By Mike Dunn
PHILADELPHIA (CBS) — A state watchdog group says Philadelphia City Council willfully ignored Pennsylvania’s open-meetings law this past week by gathering behind closed doors — not once, but twice.
On Wednesday, a majority of City Council members met behind a locked door in the office of City Council president Darrell Clarke (top photo). Clarke emerged later and admitted they were discussing city business — specifically, how to come up with more taxpayer dollars for the school district.
But Clarke insisted the session did not violate the state Sunshine Act because councilmembers broke up into smaller groups in separate areas within his office.
(Clarke:) “(We) didn’t have a majority of members at any one particular time in the (office). We were shuttling.”
(Dunn:) “Can’t that (topic) be discussed in public?”
(Clarke: ) “It will be, very shortly.”
(Dunn:) “After you’ve worked it out in private.”
(Clarke:) “It will be, very shortly.”
Councilmembers then proceeded to hold a public hearing, taking testimony from aides to the mayor and others. They then voted on a school bailout plan without any public debate among the members.
Kim de Bourbon, executive director of the Pennsylvania Freedom of Information Coalition, says even if Clarke’s shuttling tactic didn’t violate the letter of the Sunshine Act, it violated the spirit of the law.
“What is the purpose of meeting in smaller groups? If it’s clearly to skirt the intent of the Sunshine Law, then to me that it is a violation of the Sunshine Law,” she said. “But it would be up to the courts to interpret it.”
Any such court ruling would only come if someone chose to sue City Council over the tactic. De Bourbon adds that the smaller groups would probably be considered subcommittees of the Committee of the Whole, and thus subject to the Sunshine Act requirements as well.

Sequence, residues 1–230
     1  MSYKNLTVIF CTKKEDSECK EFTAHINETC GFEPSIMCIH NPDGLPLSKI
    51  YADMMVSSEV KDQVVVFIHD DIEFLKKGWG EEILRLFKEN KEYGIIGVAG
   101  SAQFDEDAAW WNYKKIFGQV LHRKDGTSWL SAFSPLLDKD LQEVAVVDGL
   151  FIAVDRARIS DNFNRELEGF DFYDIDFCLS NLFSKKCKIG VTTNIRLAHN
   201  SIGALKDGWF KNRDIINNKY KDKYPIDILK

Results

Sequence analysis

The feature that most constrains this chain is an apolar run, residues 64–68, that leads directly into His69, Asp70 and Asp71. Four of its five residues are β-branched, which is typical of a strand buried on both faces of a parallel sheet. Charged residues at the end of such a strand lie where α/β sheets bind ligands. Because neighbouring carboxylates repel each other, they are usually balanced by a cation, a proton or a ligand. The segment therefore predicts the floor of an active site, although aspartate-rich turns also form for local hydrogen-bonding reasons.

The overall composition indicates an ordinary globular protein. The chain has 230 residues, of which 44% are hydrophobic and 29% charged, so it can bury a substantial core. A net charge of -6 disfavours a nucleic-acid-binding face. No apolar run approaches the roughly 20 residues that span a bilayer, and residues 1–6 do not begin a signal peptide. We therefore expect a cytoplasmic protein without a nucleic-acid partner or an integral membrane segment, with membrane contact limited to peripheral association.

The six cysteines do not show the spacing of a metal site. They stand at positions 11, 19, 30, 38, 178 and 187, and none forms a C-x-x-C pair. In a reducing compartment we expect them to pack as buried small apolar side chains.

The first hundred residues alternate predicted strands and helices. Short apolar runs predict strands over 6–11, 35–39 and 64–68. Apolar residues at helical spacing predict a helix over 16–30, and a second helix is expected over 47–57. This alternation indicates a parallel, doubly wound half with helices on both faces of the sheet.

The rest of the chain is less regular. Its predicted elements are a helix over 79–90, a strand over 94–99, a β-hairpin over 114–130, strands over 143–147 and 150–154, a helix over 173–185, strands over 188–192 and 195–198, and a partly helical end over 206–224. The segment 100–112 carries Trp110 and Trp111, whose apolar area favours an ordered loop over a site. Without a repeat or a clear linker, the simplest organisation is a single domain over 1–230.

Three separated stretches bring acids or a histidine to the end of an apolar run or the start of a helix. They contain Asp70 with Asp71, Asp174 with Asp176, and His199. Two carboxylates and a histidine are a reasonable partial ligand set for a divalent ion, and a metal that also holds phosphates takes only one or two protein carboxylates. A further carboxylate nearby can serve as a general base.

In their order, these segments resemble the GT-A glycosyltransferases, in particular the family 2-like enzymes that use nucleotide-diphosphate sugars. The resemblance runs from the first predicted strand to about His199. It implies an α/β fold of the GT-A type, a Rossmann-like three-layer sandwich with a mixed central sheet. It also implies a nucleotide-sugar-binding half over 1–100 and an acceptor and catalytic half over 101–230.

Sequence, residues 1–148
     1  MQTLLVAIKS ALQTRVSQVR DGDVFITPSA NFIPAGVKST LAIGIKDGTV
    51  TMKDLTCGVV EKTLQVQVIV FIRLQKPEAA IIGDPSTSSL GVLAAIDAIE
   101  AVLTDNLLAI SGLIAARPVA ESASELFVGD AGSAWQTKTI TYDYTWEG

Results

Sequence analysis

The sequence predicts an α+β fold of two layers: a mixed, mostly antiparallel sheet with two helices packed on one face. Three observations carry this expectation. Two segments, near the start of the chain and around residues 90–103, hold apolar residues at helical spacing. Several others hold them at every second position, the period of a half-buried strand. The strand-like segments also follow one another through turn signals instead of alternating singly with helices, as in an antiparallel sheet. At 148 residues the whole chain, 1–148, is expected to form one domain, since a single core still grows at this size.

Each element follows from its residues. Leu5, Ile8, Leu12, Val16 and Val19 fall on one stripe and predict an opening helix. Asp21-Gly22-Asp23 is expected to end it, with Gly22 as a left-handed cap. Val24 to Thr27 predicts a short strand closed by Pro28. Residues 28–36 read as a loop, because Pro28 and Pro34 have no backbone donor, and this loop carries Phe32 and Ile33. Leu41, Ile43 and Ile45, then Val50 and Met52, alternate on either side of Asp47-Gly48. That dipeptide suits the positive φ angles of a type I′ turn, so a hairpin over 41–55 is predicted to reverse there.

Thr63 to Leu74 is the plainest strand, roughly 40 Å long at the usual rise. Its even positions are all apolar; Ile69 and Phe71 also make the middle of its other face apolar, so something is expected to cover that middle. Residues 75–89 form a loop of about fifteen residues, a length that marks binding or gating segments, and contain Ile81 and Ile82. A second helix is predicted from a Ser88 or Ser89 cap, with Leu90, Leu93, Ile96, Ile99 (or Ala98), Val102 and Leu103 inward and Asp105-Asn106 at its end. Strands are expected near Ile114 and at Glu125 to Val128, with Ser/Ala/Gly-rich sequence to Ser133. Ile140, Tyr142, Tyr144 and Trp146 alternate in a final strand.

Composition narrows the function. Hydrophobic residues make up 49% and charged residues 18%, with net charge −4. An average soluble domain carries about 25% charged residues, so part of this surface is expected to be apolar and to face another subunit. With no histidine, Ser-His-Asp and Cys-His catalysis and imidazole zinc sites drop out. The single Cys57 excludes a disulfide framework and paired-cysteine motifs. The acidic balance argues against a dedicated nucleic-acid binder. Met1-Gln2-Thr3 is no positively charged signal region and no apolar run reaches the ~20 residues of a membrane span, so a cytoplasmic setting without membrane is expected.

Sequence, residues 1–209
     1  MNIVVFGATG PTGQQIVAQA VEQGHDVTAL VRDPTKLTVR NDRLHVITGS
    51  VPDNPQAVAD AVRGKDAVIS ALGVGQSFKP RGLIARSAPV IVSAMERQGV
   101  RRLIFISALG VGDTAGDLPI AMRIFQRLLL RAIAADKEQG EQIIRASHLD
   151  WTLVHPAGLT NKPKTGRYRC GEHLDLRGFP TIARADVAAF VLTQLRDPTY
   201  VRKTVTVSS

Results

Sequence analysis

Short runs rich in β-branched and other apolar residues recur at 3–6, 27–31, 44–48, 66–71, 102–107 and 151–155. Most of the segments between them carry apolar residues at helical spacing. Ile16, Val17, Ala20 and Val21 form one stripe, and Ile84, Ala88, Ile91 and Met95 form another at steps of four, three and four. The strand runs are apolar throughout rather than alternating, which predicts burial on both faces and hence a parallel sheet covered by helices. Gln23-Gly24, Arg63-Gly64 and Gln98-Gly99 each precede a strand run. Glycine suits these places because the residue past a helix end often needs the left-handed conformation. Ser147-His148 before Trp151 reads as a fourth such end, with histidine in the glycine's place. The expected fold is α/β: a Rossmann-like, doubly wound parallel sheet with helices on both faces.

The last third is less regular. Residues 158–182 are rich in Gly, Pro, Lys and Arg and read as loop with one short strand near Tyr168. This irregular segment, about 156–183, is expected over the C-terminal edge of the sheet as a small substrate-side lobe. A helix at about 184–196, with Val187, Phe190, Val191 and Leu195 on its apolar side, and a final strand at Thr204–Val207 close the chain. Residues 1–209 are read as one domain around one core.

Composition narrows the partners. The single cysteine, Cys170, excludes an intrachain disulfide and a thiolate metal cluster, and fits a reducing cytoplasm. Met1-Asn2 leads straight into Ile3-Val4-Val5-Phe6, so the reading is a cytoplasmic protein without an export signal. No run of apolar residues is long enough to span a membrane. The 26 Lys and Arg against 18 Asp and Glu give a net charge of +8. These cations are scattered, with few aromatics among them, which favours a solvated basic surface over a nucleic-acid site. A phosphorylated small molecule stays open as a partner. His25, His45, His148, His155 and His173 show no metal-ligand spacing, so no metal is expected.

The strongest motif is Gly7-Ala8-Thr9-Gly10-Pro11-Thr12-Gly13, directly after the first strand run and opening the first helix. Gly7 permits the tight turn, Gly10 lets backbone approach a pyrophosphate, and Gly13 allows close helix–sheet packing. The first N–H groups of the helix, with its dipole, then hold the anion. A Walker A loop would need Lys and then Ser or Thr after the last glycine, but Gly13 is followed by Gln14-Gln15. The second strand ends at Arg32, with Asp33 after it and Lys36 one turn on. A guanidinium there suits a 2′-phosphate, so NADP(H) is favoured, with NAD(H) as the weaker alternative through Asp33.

(The law stipulates that any gathering of a public agency should be conducted in public if a majority of members are present, and if agency business is being deliberated. Exceptions include discussions of employment, labor relations, and litigation).
Then, on Thursday, Democratic gubernatorial candidate Tom Wolf appeared publicly at City Council’s caucus room. A short time later, Wolf and 13 members of Council — 12 Democrats, one Republican — met behind closed doors in the Council president’s office.
A photo of that private meeting was “tweeted” by majority leader Curtis Jones, then retweeted by the spokesperson for the Council president. But Jones later refused to give us permission to include the photo in this story.
A spokesman for Wolf said it was “an introductory, bipartisan meeting,” in which Wolf and the councilmembers “talked broadly about the key issues facing Pennsylvania.”
De Bourbon says Council’s private session with Wolf does not appear to fall under any of the exemptions of the Sunshine Act, and thus should have been public.
“It is kind of a grey area,” she says. “There have been some court rulings about so-called ‘informational sessions.’ But you’re treading down a dangerous path there.”
Both incidents this past week, according to de Bourbon, point to the inherent difficulty of forcing elected officials to follow the Sunshine Act:
“This is one of the problems with the law. It’s not badly written, it’s just there is really no enforcement. And agencies have learned that it’s very easy to just do what they want to do, and make the public or the press take them to court if they don’t think they’re behaving well.”
More information on the Pennsylvania Sunshine Act can be found at openrecordspa.org.